Email to a friend

Email to a friend

Grievance Arbitration

When a complaint concerning a bargaining unit member’s employment is not resolved through the negotiated grievance process, a union or agency can decide to take the case to arbitration. With arbitration, an independent third-party, referred to as the arbitrator, assesses the evidence presented by both parties outside of court and delivers a legally binding judgment.

Grievance arbitration procedures may vary between unions, depending on their contracts. Usually, unions can choose to be represented at arbitration by a retained union attorney. By retaining a labor law attorney, unions can rest assured they will be represented by someone dedicated solely to protecting their rights and negotiating a settlement with their best interests in mind.

First Steps in Fighting Proposed Discipline

When an employee is confronted with a proposed disciplinary action he or she has a number of decisions to make. At the proposal stage the employee can contact his or her union or an attorney. Once the reply is submitted and an agency decision is issued, the employee has additional choices to make. If the disciplinary action is less than a 15-day suspension, the employee should bring the case to the union. The union can recommend that the employee file a grievance or alternatively recommend the EEO route, if discrimination is involved.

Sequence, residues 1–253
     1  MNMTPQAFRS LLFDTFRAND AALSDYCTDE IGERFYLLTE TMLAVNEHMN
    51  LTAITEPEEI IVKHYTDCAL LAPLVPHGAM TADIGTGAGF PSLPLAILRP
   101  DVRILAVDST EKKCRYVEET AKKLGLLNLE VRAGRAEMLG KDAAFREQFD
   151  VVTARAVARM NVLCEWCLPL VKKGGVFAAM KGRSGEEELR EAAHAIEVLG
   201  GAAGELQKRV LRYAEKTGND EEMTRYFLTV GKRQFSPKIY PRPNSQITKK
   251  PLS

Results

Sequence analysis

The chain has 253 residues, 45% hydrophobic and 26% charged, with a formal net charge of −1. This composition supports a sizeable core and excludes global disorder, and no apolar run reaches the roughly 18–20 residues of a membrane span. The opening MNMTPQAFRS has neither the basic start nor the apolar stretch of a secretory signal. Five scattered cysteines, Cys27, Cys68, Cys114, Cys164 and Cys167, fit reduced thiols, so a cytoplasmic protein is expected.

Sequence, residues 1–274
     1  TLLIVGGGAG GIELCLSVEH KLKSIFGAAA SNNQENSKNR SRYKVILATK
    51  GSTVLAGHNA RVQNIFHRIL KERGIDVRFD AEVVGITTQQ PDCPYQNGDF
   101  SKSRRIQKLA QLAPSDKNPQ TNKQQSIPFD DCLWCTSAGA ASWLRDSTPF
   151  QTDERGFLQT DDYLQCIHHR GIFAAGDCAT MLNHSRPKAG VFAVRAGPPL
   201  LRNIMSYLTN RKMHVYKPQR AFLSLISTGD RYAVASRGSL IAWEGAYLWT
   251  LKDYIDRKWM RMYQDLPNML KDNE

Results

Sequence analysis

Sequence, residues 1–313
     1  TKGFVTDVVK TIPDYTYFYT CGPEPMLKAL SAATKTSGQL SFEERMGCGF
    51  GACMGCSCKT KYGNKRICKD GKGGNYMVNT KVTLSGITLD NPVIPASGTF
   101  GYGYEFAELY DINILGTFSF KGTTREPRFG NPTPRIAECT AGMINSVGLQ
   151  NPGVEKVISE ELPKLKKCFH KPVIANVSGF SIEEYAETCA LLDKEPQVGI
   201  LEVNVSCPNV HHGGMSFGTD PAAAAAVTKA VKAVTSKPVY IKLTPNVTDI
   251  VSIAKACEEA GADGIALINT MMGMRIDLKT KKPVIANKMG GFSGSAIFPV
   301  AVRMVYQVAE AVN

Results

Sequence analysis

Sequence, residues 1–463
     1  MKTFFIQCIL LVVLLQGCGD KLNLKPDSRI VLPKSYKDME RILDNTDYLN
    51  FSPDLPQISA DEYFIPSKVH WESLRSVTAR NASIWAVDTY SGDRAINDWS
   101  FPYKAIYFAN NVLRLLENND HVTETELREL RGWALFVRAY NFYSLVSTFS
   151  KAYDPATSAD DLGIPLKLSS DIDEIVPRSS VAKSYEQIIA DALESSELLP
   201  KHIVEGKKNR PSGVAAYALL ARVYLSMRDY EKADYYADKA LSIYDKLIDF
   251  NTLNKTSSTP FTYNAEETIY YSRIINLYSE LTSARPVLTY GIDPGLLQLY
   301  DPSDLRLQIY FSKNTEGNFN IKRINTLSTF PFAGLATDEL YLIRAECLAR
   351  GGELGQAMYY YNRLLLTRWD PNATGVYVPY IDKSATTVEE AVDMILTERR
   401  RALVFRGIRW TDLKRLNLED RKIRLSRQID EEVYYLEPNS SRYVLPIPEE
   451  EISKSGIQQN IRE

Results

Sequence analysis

If the disciplinary action is over 14 days, the employee can opt to file a grievance, which is handled under the union’s collective bargaining agreement. If a grievance is not filed, the employee can ask the union to file a MSPB appeal. In the case of a grievance, only the union can agree to have a union attorney for the employee or allow the employee to retain his or her own private attorney at the employee’s expense. In the case of a MSPB appeal, the union can retain an attorney for the employee. However, unlike a grievance, employees who choose to go to the MSPB always retain the right to pursue the MSBP appeal on their own with their own privately retained attorney.

How We Can Help

The grievance arbitration lawyers at Tully Rinckey PLLC are experienced in arbitrating a variety of grievances for unions and bargaining unit members. Our Federal Labor Law practice is headed by Mark D. Roth, the longest-serving general counsel of the American Federation of Government Employees (AFGE), the nation’s largest federal and D.C. employees’ union. Tully Rinckey PLLC will aggressively represent unions and bargaining unit members in arbitration or unfair labor practices, collective bargaining agreement violations and adverse actions such as suspensions or removals.

Fighting A Disciplinary Action

The employee can choose to file either an appeal with the MSPB or a grievance if the action is a suspension over 14 days or one of a series of “adverse actions.”  For discipline that is 14 days or less a grievance may be filed by employee, as the MSPB is generally not available.

The Arbitration Process

Grievance Procedures
  • The union and agency management attempt to resolve a grievance over a disciplinary action against a bargaining unit member.